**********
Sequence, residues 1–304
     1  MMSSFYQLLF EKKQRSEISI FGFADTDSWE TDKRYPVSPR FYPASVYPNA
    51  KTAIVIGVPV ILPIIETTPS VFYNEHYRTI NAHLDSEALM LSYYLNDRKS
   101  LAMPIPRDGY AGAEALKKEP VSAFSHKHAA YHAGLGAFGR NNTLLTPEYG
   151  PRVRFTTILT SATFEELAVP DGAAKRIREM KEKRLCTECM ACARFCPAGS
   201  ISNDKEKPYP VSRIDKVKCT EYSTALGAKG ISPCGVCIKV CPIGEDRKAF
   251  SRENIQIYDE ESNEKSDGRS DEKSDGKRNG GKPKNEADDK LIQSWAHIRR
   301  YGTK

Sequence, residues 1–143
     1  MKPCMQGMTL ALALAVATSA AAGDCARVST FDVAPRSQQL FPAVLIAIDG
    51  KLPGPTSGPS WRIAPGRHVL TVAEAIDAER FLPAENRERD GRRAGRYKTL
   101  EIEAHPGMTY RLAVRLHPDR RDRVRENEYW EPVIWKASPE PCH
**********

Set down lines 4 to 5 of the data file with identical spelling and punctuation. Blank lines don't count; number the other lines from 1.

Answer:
   101  LAMPIPRDGY AGAEALKKEP VSAFSHKHAA YHAGLGAFGR NNTLLTPEYG
   151  PRVRFTTILT SATFEELAVP DGAAKRIREM KEKRLCTECM ACARFCPAGS